Generating Continents Procedurally with Distortion Fields

3D rendering of a distorted continent

Computer generated terrain usually begins with a base of random noise, or perhaps a fractal. These look nice in small sections, but are unconvincing for a continent: noise has none of the major features it should, like mountain ranges, and fractals are nothing but feature — they’re too regular. Here’s a method for generating continent-level terrain using distortion fields.

Making the Distortion Field

By a distortion field, I basically mean a vector field of uniform speeds. We can use such a field to warp a base layer of terrain to create both (1) the outline of the continent, and (2) its major features, like mountain ranges. Small and mid-level features can then be added later.

We can begin by creating a random field, with arrows pointing every which-way (image above). This would produce no meaningful features, so we need to smooth it out first. Terrain smoothing can generally be done by averaging each cells with its orthogonal neighbors. (We have to be careful here not to use a simple mean, which would bias results toward 180°. Instead we must decompose the angles into x and y component, sum those, and calculate a new angle. This is the process used for calculating average wind speed, so that everything doesn’t simply cancel out to zero.) Here is the same field after some smoothing:

The above image illustrates the method, but real maps are usually larger and the arrow notation is cumbersome. Below is a color-coded distortion field (red being up) with hundreds of smoothing iterations (the amount should scale with the size of the map).

You can see that some large-scale feature emerge, even while some smaller-scale anomalies remain. It can be nice to add a second, less smoothed, field on top to create that roughening detail.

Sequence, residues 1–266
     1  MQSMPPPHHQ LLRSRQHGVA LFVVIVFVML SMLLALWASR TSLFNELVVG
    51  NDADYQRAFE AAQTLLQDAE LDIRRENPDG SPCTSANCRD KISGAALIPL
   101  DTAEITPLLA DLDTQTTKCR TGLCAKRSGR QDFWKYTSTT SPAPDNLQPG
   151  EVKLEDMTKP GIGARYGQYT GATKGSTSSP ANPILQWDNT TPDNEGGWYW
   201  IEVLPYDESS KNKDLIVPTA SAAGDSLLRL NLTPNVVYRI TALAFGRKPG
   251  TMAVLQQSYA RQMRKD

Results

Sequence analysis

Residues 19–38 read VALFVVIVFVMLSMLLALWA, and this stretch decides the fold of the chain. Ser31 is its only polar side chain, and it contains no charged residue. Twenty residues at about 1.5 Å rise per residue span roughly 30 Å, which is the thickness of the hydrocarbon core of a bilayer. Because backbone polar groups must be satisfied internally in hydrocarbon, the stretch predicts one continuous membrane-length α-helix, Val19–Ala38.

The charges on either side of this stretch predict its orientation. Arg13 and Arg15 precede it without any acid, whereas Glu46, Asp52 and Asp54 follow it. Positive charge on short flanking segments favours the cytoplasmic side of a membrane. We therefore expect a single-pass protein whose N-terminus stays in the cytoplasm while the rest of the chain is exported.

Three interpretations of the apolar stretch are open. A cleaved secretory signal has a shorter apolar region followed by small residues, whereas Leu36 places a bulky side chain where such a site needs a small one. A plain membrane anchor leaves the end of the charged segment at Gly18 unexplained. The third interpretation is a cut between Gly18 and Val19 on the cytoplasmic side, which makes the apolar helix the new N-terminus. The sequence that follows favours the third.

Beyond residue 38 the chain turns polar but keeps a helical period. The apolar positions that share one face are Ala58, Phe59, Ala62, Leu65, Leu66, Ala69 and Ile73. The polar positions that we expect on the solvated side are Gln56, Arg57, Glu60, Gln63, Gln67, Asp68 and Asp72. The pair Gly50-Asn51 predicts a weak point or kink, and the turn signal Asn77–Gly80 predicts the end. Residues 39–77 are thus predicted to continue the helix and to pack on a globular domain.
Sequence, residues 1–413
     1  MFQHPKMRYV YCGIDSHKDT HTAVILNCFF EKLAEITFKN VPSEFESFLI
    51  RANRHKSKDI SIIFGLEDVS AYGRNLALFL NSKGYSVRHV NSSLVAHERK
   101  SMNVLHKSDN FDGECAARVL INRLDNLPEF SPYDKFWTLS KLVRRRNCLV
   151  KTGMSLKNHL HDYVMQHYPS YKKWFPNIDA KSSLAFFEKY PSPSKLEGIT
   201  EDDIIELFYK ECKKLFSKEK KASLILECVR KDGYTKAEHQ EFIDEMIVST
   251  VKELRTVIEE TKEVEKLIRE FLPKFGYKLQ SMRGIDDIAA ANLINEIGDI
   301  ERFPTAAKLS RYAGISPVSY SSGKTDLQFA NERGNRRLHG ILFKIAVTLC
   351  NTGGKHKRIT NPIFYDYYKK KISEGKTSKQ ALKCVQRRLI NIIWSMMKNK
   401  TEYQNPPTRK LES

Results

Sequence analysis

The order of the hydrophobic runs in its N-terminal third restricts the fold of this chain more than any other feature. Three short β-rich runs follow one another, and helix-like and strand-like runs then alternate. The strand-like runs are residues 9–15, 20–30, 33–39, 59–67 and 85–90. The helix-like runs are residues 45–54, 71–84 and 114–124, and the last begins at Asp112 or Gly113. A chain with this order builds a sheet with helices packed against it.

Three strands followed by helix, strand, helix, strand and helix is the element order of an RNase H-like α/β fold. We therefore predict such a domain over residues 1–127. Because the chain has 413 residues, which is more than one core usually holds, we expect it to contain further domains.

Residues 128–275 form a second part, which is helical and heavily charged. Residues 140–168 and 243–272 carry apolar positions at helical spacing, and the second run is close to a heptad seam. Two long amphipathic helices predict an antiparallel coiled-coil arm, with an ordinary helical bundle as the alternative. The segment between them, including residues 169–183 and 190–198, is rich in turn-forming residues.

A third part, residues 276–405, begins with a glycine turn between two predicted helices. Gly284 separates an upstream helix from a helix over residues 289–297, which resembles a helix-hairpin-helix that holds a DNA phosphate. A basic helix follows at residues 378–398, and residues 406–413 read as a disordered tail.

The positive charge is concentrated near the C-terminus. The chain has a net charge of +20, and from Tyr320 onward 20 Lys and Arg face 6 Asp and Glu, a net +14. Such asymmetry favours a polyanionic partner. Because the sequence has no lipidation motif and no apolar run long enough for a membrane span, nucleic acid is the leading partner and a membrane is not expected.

The Underlying Layer

Our distortion field must act on something, so we begin again with some random noise — with values representing altitudes.

Again, we smooth this out (but in a more straightforward manner), and we also exaggerate the peaks so that a few mountains stand out against a more uniform background.

Applying the Distortion Field

How do we distort one layer with another? I wrote a function that basically calculates weighted averages over a grid (a 2D array), with weights for each neighbor. The distortion field is then used as the weighting mechanism, so that each cell is averaged in one direction — but on a grid this becomes some combination of 1 to 2 neighbors’ values. Here is the terrain, plus some padding, with 5 iterations of the distortion:

5 timesteps of distortion

As we increase the number of iterations, the original (random) features are smeared out over larger distances, including outside the original bounds (hence the padding). Because the distortion works in one direction at a time, long features like mountain ranges can emerge from the initial high points.

10 timesteps of distortion
15 timesteps of distortion
20 timesteps of distortion
25 timesteps of distortion

With some mid-level terrain added, and some erosion applied, we have a fairly reasonable sort of computer-generated continent:

3D rendering of distorted island


The distortion field itself determines the outline of the continent and the internal similarities, but exactly where mountains exist is highly dependent on the starting terrain layer. We can swap out that layer while keeping the distortion field constant to play around with the big features.

Variant 1 of noise baselayer
Variant 2 of noise baselayer
Variant 3 of noise baselayer

Many other elaborations are possible, with different layers of distortion applied to various degrees. (Swapping out different fields on the same map can, of course, also be done, but because the interaction between them is what counts for mountain position, there is little point.)

This approach is not difficult to implement and can create landforms that are not (readily) possible with simple noise or fractals — but of course it can be combined with those methods, and indeed relies on noise at its base. Distortion fields can thus be one more powerful tool in the world-builder’s kit.

Originally published at